Battling ‘Environmental Racism’

Headshot of Monique DiTullio

Monique DiTullio, RWU Class of 2017

Juris DoctorStudent

Whether in Flint or New Orleans, “environmental racism” refers to the placement of low-income or minority communities in proximity to environmentally hazardous or degraded environments, such as toxic waste, pollution and urban decay.

The term first came to national prominence in 2005, when Hurricane Katrina devastated New Orleans – in particular, the city’s lower 9th Ward, a community of low-income, mostly African-American homeowners. Despite the city’s impressive comeback, much of the 9th Ward “still looks like the hurricane happened just yesterday,” says 3L Monique DiTullio, who arrived at RWU Law having worked for the Rainforest Action Network and as a senior team leader with Greenpeace.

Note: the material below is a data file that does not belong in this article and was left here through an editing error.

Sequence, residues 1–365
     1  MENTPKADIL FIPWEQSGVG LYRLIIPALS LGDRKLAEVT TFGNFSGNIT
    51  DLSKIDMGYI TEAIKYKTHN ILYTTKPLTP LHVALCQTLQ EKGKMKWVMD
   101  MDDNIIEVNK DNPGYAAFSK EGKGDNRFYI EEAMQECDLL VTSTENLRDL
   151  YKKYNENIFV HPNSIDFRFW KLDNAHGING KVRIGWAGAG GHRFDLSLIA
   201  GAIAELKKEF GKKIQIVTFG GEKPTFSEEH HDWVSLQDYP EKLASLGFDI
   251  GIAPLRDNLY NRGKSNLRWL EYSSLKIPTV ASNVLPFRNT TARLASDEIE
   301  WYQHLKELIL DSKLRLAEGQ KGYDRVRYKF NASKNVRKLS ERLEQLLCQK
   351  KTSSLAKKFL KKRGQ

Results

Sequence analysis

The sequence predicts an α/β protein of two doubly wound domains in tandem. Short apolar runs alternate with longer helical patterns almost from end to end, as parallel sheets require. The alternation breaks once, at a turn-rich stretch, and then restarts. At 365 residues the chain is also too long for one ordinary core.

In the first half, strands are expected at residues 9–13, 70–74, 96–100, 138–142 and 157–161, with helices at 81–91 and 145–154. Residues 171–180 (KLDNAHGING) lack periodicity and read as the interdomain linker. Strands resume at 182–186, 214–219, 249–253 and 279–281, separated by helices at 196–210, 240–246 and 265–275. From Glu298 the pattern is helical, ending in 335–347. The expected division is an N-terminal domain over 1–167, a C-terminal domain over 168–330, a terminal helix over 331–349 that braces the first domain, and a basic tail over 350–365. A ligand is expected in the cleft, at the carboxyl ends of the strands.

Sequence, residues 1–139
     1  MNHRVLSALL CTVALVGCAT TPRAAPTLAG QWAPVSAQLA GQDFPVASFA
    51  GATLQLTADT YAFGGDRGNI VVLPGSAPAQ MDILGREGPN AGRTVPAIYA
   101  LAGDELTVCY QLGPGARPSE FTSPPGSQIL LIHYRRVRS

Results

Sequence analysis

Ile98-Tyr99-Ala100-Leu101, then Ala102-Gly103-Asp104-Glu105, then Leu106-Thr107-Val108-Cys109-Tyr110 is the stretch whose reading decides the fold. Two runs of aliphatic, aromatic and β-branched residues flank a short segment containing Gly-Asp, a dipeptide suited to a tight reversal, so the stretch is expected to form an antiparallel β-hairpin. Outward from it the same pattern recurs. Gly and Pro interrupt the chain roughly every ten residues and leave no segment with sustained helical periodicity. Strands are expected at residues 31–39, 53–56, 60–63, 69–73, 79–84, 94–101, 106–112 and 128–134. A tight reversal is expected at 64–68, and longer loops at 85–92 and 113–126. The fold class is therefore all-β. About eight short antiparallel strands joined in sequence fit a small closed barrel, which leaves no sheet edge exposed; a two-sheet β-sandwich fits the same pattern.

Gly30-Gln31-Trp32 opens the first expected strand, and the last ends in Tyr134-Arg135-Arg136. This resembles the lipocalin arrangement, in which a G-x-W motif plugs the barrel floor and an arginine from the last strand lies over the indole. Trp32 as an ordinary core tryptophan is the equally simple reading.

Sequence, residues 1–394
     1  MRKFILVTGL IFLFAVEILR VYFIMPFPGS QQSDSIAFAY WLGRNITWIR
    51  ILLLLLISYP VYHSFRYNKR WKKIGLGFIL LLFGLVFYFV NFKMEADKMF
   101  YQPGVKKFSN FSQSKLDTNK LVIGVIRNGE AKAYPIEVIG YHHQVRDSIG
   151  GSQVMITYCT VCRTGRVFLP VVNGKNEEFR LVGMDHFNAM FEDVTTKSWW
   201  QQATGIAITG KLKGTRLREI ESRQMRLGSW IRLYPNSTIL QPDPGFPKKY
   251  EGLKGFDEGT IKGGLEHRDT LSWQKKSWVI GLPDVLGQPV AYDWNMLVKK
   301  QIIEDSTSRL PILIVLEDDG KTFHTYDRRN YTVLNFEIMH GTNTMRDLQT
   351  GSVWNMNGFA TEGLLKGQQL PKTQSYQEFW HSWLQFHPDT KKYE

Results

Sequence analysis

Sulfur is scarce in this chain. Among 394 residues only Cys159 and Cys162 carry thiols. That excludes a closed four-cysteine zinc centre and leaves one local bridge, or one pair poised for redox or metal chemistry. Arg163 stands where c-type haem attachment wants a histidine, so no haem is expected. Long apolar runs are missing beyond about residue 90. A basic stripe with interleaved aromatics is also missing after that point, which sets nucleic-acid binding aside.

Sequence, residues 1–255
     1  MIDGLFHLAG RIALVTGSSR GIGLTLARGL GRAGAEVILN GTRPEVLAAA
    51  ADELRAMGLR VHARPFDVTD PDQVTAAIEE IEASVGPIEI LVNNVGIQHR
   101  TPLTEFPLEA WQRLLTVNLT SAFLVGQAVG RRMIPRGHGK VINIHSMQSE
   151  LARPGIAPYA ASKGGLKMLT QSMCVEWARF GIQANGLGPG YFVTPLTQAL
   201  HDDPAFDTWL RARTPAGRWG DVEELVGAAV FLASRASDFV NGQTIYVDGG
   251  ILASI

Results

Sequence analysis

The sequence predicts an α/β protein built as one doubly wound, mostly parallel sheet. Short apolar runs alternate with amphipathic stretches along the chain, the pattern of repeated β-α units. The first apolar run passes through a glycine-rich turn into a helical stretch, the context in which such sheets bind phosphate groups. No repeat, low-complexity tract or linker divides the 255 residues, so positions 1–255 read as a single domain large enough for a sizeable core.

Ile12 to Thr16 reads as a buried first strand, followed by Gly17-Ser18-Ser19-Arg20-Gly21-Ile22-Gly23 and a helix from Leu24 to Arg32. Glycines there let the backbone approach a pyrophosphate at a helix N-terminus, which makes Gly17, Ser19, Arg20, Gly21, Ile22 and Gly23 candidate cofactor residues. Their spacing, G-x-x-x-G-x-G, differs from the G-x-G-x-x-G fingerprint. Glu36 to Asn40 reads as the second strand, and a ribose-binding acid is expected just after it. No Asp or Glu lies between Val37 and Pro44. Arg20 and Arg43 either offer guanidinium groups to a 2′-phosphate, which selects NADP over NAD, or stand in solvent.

The same dynamic, DiTullio says, is playing out today in the lead-contaminated water crisis of Flint, Mich. “Once again, you see people’s race and economic standing dictate how they experience their environment,” she says.

DiTullio should know. A 2011 graduate of Roger Williams University, her senior thesis  was, “Wind, Water and Environmental Racism: The Elements that Destroyed New Orleans  During Hurricane Katrina.” As a law student, she’s worked with the Committee for Public  Counsel Services in Fall River, Mass., and Southeast Louisiana Legal Aid Services in New  Orleans; this summer she’ll be with the Public Counsel's Mental Health Commitment Unit. With a future eye on both legal advocacy and politics, DiTullio says her dream is to “help  these communities to empower themselves with the resources to rebuild and fight back.”